• We have discovered that, in addition to antileukemic asparaginases, bacteria (such as E. coli) also express L-asparaginases that are typically associated with the plant kingdom. These proteins have dual enzymatic activity and are most effective as isoaspartyl aminopeptidases. They belong to the family of Ntn hydrolases and are generated from immature precursors in autoproteolytic activation. Our studies have helped to dissect the catalytic apparatus of these enzymes and the mode of their activation. We have also elucidated the structural basis of the potassium dependence of some of these enzymes.
  • We have contributed to macromolecular crystallographic methodology, especially through very careful studies at ultimate resolution. There are several protein structures determined in our laboratory at the resolution of about 0.7 ?, and a structure of a Z-DNA duplex at a record-setting resolution of 0.55 ?.

 

Research projects

  • Structural studies of amyloidogenic motifs (intramural funds)
  • Structural biology of plant-symbiont interactions (intramural funds)
  • Plant hormone binding proteins (intramural funds)
  • Structural enzymology (intramural funds)
  • Structure-guided design of inhibitors of metallo-b-lactamases (JPIAMR/NCBR)

 

Selected publications

H. Fernandes, K. Michalska, M. Sikorski, M. Jaskolski
Structural and functional aspects of PR-10 proteins.
FEBS J.280, 1169-1199 (2013).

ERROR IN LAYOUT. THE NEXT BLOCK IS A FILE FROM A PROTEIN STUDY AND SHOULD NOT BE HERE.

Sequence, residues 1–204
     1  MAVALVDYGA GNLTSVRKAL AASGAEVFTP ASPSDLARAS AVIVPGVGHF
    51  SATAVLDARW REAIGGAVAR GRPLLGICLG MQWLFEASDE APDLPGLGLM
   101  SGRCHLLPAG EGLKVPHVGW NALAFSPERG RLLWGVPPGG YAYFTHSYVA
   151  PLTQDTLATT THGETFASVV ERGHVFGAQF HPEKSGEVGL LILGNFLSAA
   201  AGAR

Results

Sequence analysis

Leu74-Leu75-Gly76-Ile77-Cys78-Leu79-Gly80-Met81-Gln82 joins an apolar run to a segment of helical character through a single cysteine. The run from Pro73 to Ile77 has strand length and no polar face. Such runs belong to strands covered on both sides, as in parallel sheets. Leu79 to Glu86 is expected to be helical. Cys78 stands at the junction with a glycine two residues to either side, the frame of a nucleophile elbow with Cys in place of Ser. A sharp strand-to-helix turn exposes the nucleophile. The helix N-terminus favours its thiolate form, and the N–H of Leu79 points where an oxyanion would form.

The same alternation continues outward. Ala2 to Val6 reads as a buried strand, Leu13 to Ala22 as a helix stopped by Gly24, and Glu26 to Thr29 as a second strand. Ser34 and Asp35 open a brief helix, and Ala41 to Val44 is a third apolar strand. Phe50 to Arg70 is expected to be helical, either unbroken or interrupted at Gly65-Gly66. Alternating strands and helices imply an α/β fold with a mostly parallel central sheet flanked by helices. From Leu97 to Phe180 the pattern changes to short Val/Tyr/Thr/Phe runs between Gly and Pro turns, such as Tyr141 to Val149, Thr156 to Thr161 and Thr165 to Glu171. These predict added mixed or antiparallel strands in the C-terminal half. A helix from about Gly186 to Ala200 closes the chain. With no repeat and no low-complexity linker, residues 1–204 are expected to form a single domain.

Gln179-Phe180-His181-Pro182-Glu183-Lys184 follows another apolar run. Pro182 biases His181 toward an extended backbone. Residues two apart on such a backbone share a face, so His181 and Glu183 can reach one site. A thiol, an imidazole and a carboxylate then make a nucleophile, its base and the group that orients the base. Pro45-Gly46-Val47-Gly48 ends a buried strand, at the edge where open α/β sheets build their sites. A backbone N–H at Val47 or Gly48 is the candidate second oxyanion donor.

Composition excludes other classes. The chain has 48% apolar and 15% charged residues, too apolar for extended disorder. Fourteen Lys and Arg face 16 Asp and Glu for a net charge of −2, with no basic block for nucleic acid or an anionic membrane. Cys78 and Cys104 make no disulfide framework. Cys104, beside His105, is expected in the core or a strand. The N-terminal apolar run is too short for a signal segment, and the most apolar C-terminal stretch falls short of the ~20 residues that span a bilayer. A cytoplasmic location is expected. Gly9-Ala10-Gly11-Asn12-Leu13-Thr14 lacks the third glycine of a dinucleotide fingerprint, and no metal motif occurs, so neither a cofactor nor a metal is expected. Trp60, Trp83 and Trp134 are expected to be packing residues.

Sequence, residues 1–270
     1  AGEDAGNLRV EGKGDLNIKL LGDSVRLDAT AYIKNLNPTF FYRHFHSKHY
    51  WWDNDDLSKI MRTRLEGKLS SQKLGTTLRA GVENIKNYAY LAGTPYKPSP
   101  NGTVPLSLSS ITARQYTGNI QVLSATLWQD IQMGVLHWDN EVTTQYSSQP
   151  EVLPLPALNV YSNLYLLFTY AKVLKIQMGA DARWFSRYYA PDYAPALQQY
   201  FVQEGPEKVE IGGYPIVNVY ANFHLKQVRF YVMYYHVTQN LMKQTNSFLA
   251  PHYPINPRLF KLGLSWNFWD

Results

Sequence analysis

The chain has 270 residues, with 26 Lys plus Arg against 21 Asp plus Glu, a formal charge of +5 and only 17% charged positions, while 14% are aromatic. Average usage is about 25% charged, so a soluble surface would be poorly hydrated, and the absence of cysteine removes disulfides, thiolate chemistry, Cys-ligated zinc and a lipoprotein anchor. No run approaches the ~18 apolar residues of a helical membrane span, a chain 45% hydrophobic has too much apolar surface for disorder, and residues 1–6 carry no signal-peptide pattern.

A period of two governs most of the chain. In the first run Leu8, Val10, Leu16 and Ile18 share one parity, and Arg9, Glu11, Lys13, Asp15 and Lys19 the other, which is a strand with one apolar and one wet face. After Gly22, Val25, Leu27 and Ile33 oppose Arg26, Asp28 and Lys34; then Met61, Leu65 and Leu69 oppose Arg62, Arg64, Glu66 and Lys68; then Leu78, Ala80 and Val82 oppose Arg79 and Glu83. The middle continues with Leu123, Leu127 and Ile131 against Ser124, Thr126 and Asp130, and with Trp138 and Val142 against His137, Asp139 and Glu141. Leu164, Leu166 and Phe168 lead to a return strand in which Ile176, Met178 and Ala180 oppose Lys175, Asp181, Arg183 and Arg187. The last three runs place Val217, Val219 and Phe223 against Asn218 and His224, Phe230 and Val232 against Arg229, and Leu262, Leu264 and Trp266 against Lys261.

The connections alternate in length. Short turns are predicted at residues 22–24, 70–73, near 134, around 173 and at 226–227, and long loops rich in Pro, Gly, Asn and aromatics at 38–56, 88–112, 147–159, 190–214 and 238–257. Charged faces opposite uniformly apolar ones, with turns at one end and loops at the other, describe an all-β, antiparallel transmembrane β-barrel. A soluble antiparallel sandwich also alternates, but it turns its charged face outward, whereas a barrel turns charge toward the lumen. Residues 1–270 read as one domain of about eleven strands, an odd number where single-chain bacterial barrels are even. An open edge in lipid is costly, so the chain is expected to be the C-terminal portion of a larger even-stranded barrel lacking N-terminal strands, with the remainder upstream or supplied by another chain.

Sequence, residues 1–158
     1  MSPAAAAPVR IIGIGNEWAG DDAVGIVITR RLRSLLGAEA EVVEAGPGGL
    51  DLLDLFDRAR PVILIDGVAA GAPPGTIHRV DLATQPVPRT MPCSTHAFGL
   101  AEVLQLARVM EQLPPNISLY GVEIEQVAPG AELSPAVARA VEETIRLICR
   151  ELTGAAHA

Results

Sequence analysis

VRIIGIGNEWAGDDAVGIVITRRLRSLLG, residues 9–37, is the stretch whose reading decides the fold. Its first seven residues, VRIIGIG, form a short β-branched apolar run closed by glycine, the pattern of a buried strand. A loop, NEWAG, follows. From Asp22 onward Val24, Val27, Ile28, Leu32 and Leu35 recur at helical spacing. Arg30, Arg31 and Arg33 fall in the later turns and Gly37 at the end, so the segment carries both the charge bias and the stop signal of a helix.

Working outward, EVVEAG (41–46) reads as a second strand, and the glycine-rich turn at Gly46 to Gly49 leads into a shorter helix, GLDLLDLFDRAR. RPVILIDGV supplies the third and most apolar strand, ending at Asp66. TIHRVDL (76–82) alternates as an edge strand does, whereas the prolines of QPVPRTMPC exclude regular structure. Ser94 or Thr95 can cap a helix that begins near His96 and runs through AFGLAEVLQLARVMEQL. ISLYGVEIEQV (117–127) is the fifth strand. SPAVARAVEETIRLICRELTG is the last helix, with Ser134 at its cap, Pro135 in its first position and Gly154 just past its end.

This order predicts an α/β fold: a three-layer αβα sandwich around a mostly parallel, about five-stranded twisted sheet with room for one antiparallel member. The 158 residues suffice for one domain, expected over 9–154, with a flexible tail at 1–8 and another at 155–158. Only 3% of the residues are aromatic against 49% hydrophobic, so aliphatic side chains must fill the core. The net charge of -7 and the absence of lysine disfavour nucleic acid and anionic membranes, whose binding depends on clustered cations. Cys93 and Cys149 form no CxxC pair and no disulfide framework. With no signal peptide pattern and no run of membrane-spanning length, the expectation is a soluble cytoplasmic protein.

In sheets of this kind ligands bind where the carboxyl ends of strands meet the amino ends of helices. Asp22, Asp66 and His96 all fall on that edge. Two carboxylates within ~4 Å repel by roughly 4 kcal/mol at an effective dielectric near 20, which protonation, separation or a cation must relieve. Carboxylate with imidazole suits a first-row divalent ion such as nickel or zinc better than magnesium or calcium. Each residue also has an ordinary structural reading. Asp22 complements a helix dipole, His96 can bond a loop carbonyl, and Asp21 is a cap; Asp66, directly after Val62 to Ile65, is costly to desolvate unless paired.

P. Drozdzal, M. Gilski, R. Kierzek, L. Lomozik, M. Jaskolski
Ultrahigh-resolution crystal structures of Z-DNA in complex with Mn2+ and Zn2+ ions.
Acta Cryst. D69, 1180-1190 (2013).

M. Ruszkowski, K. Szpotkowski, M. Sikorski, M.Jaskolski
The landscape of cytokinin binding by a plant nodulin.
Acta Cryst. D69, 2365-2380 (2013).

A. Wlodawer, W. Minor, Z. Dauter, M. Jaskolski
Protein crystallography for aspiring crystallographers, or how to avoid pitfalls and traps in macromolecular structure determination.
FEBS J. 280, 5705-5736 (2013).

E. Kopera, W. Bal, M. Lenarčič Živkovič, A. Dvornyk, B. Kludkiewicz, K. Grzelak, I. Zhukov, W. Zagórski-Ostoja, M. Jaskolski, S. Krzywda
Atomic Resolution Structure of a Protein Prepared by Non-Enzymatic His-Tag Removal. Crystallographic and NMR Study of GmSPI-2 Inhibitor.
PLoSOne 9, e106936, 1-11 (2014).

J. Sliwiak, M. Jaskolski, Z. Dauter, A. McCoy, R.J. Read
Likelihood-based molecular replacement solution for a highly pathological crystal with tetartohedral twinning and seven-fold translational non-crystallographic symmetry.
Acta Cryst. D70, 471-480 (2014).

M. Bejger, B. Imiolczyk, D. Clavel, M. Gilski, A. Pajak, F. Marsolais, M. Jaskolski
Na+/K+ exchange switches the catalytic apparatus of K-dependent plant L-asparaginase.
Acta Cryst. D70, 1854-1872 (2014).

M. Kowiel, M. Jaskolski, Z. Dauter
ACHESYM: an algorithm and server for standardized placement of macromolecular models in the unit cell.
Acta Cryst. D70, 3290-3298 (2014).

M. Jaskolski, Z. Dauter, A. Wlodawer
A brief history of macromolecular crystallography, illustrated by a family tree and its Nobel fruits.
FEBS J. 281, 3985-4009 (2014).

M. Ruszkowski, J. Sliwiak, A. Ciesielska, J. Barciszewski, M. Sikorski, M. Jaskolski
Specific binding of gibberellic acid by Cytokinin-Specific Binding Proteins: a new aspect of plant hormone-binding proteins with PR-10 fold.
Acta Cryst. D70, 2032-2041 (2014).

D. Borek, M. Kozak, J. Pei, M. Jaskolski
Crystal structure of active-site mutant of antileukemic L-asparaginase reveals conserved zinc-binding site.
FEBS J. 281, 4097-4111 (2014).

J. Sliwiak, Z. Dauter, M. Kowiel, A. McCoy, R.J. Read, M. Jaskolski
ANS complex of St John?s wort PR-10 protein with 28 copies in the asymmetric unit: a fiendish combination of pseudosymmetry with tetartohedral twinning.
Acta Cryst. D71, 829-843 (2015).

I. Shabalin, Z. Dauter, M. Jaskolski, W. Minor, A. Wlodawer
Crystallography and chemistry should always go together: a cautionary tale of protein complexes with cisplatin and carboplatin.
Acta Cryst. D71, 1965-1979 (2015).